Prehistoric events such as mass extinctions are difficult to predict because these events continue for a period of thousands of years. However, a new study carried out by researchers at the Massachusetts Institute of Technology (MIT) suggests that humans on Earth might experience the start of a mass extinction event by the end of 21st century.

Mass extinction events

Earlier scientific studies have indicated the occurrence of five mass extinction events on Earth in the past 540 million years. In each of these events, about three-fourths of the marine species were killed.

The most recent event was the Cretaceous-tertiary event that occurred nearly 65.5 million years ago and completely wiped out dinosaurs from Earth. Each of the previous five extinction events was also characterized by processes that toppled the normal Carbon Cycle on Earth.

Daniel Rothman, a professor of geophysics at the MIT says the patterns exhibited in carbon cycle disruptions during previous mass extinctions are similar to those being observed by scientists today. He explains that while there is no fundamental change in carbon cycle on Earth, the carbon cycle disturbance has now become faster. Earlier, such disturbances used to take tens of thousands to millions of years, but now they are occurring at a timescale of centuries.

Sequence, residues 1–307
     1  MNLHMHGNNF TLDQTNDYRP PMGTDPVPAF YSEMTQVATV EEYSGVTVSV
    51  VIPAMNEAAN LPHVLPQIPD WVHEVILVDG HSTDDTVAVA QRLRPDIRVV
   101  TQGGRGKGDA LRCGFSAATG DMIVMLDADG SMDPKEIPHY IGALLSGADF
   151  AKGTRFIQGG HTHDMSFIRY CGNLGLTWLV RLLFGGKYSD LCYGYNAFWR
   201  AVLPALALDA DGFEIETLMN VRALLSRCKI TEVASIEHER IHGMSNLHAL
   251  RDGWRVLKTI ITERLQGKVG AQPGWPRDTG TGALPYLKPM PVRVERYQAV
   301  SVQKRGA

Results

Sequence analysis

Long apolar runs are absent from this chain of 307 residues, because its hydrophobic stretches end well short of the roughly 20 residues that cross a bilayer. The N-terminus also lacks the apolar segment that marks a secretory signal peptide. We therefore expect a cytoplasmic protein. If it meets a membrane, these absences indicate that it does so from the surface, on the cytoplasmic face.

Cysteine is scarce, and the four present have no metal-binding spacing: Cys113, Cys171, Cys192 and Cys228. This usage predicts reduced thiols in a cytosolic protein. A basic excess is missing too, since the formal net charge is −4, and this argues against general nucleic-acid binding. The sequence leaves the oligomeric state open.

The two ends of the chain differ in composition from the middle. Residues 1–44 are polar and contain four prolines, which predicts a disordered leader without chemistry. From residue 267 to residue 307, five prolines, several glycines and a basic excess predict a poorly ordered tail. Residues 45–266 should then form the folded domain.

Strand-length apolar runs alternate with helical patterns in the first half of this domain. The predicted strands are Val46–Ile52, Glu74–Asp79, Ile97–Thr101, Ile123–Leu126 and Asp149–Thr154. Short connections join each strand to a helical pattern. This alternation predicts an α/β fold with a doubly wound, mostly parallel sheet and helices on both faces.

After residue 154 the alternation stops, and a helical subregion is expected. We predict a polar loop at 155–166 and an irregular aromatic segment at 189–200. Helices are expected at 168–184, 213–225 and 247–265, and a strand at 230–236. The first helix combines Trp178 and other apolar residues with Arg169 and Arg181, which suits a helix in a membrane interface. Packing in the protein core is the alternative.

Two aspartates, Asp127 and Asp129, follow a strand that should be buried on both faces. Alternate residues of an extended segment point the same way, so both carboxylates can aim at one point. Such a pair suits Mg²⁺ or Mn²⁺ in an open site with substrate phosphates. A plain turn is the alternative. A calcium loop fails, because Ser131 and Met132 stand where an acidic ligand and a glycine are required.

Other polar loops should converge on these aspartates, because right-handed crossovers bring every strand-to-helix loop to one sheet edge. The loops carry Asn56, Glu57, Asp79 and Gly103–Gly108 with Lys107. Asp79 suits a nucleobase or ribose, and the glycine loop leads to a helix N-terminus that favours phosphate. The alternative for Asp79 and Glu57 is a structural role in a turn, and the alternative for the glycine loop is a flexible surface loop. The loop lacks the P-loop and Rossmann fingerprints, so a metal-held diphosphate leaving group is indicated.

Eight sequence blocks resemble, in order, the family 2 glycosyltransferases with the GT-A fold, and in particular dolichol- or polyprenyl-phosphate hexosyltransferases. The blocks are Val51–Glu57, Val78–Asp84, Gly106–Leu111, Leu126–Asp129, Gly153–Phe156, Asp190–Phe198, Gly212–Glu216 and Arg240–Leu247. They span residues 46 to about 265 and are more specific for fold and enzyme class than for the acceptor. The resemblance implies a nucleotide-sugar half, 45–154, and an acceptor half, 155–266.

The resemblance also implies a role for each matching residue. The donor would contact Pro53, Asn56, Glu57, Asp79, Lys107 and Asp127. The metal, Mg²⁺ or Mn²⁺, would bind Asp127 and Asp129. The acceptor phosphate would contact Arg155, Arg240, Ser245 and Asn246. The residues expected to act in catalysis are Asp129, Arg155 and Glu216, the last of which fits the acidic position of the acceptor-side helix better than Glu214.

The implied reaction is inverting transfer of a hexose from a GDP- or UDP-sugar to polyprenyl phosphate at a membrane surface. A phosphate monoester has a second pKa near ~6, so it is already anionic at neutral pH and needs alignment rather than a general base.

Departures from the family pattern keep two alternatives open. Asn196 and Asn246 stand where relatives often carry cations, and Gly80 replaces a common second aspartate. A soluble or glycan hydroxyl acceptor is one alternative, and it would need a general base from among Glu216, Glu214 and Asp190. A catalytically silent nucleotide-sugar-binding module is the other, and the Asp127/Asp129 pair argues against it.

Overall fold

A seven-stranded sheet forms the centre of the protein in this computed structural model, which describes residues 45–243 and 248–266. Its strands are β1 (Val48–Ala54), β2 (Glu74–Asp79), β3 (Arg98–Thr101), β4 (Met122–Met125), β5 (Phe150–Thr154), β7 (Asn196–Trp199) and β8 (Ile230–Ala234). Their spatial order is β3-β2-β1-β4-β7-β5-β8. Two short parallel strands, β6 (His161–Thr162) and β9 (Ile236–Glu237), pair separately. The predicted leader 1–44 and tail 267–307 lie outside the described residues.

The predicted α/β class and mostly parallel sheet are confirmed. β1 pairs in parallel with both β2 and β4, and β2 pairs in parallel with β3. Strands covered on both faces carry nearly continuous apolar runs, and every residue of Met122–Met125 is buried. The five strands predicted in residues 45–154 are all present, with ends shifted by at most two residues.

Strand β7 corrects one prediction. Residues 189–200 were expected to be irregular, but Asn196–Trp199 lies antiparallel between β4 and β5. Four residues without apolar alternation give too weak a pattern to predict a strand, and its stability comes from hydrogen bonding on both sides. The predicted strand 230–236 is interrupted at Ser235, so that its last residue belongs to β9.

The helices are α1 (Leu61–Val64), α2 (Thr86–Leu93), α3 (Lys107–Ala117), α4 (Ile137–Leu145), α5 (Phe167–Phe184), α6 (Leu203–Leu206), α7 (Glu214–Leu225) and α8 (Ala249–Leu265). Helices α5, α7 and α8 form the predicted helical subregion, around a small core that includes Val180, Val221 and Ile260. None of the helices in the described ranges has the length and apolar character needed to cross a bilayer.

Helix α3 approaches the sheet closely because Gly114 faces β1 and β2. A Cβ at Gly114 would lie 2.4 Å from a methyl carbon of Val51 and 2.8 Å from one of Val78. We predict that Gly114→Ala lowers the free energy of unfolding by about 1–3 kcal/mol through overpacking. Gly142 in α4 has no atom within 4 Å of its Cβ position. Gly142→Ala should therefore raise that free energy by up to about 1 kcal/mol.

Rothman’s study proposes that a mass extinction event would occur if any one of the two "thresholds of catastrophe" in carbon cycle is crossed: (1) carbon cycle changes start occurring at a pace much faster than what global ecosystems can adapt or (2) the magnitude of the perturbation becomes too large (even if these perturbations are occurring over shorter timescales).

Current trends of carbon emissions are likely to disturb carbon cycle

Rothman has derived a mathematical formula that predicts that if the current trend in carbon emissions on Earth continues, the level of oceanic and atmospheric carbon would exceed a hypothetical threshold point by 2100. By that time, about 310 gigatons of carbon would have been added to the oceans.

This would disturb the carbon cycle and result in a highly unstable environment. Moreover, there are chances that this cycle would also accelerate itself. Rothman’s mathematical formula is based on fundamental physical principles that relate magnitude and rate of perturbations in carbon cycle to the timescale that separates slow changes from the faster ones.

According to Rothman, these findings don’t mean that mass extinction on Earth would start immediately in the year 2100. Such geological events take some time to play out—approximately 10,000 years—although this world might have entered an “unknown territory” by the end of the century if current levels of carbon emissions are left unchecked.

The detailed findings of the study were published in Journal Science Advances.